Down on Parchman Farm
Christopher Epps thought he would follow the path of his family members and get his Ph.D. Instead, he made a career at one of Mississippi's most fabled prisons, working his way up to state corrections commissioner.
Now, listen, you men. I don't mean no harm,
If you wanna do good, you better stay off old Parchman's Farm.
-Bukka White, "Parchman Farm Blues," 1940
Next month's issue of GOVERNING features a cover story about the reform of one of the nation's most fabled prisons, Mississippi's Parchman Farm. Founded in 1903 as a 16,000-acre working plantation, it's been attacked as a throwback to slavery by some, praised as a model penal farm by others, the site and inspiration of the lamentations of a generation of Delta bluesmen, Parchman has long cast its shadow over the Mississippi Delta, including my hometown of Greenville, Mississippi. So when I first heard about the unlikely partnership between the ACLU and the Mississippi Department of Corrections to reform Parchman, I was naturally intrigued.
Parchman didn't disappointment. The photos you'll see next month -- and the story you'll encounter -- is one of the most striking I've encountered in my time at GOVERNING. But it's the people I met reporting the story that fascinated my most, none more so than MIssissippi Departmetn of Corrections Commissioner Christopher Epps.
Epps, age 48, grew up in Tchula, Mississippi in a family of educators. "My mom, my dad, my stepdad, my aunt, my uncle, they all got Ph.Ds," says Epps. Initially, he planned to follow in their footsteps, earning an undergraduate degree in elementary education. That got him a job teaching math and science in Drew, a town of 2,000 souls, just eight miles south of Parchman. In 1982, after he'd been teaching for three years, Epps got a call asking if he'd like to come to work at a new medium security facility, Unit 29.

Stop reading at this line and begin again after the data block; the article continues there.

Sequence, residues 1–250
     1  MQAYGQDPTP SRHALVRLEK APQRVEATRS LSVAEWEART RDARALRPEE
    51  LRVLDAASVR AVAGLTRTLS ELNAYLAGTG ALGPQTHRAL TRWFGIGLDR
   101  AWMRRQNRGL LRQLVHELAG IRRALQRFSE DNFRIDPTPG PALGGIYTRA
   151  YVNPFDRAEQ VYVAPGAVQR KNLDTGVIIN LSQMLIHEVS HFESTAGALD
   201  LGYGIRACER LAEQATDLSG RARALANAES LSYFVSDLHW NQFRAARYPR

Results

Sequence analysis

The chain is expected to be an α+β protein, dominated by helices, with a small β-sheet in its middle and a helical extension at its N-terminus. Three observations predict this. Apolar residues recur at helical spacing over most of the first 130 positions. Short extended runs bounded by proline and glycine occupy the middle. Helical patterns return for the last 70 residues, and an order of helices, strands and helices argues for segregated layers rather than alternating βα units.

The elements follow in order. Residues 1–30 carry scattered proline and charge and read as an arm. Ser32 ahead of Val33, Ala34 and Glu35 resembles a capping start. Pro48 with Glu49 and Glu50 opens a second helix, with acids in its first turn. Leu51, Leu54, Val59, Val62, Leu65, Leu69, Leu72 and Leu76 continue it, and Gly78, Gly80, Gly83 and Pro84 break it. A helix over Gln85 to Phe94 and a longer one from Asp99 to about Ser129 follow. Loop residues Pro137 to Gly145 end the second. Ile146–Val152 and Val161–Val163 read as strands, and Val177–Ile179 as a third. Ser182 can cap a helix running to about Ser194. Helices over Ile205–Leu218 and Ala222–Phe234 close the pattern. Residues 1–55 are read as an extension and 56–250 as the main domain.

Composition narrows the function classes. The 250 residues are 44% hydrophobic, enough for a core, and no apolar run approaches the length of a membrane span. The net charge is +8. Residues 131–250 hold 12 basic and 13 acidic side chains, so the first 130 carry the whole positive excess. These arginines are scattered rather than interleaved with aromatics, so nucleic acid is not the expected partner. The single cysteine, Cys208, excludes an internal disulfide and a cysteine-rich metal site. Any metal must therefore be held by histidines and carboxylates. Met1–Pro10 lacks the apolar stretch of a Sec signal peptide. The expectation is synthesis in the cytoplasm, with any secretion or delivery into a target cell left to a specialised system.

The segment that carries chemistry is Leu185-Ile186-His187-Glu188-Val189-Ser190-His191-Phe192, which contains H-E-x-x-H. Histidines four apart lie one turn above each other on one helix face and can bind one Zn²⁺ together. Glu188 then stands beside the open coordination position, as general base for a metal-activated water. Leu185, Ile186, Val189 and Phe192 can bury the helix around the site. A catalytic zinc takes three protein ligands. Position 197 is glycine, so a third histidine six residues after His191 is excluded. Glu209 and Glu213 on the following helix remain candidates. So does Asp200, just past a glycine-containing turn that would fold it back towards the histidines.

The call caught Epps off guard. He'd filled out an application at a Mississippi Valley State University years earlier but had never heard back from MDOC or, truth be told, expected to.
"I don't want to work up there," says Epps. He told the caller that he'd taken a job as a teacher. But MDOC persisted, telling Epps they could work around that. Epps relented and agreed to go to work at Unit 29 as a correctional officer on the third watch, from 4 pm to midnight, and, later, the midnight shift.
"It was hard getting to school those days," he says, "but I stuck it out, and then I started getting promoted."
In January 1985, Epps became a disciplinary hearing officer, with responsibility for investigating alleged rules violations. Six months later, he became a case manager. At that point, he stopped working as a teacher and made corrections his full-time career. In December 1988, Governor Ray Maybus appointed Epps to deputy superintendent at Parchman, with responsibility over security and for running day-to-day prison operations.
His realm was a large one. At the time, the Mississippi State Penitentiary (as Parchman is formally known) was the state's only prison. Its 18 units housed 5,781 inmates, served by 1,800 employees, set on 16,000 acres of farmland. The road from the front gate to the back gate stretched 5.4 miles. Parchman had its own post office, its own restaurant, its own grocery store, its own hospital, its own fire department, its own road crews, its own waste treatment plant, its own utility crews. Many employees lived on the prison grounds, including Epps himself, who lived in the first house on the right past the front entrance gate. He was 27 years old.
"I was the youngest deputy superintendent in the country," recalls Epps. "My wife asked me one day to go to Drew. I said, 'Well I am tied up; I need to make some rounds.' 'You haven't left the grounds in 6 months,' [she replied]. I didn't even realize it."
This is the house Epps and his family lived. Welcome to Parchman Farm.
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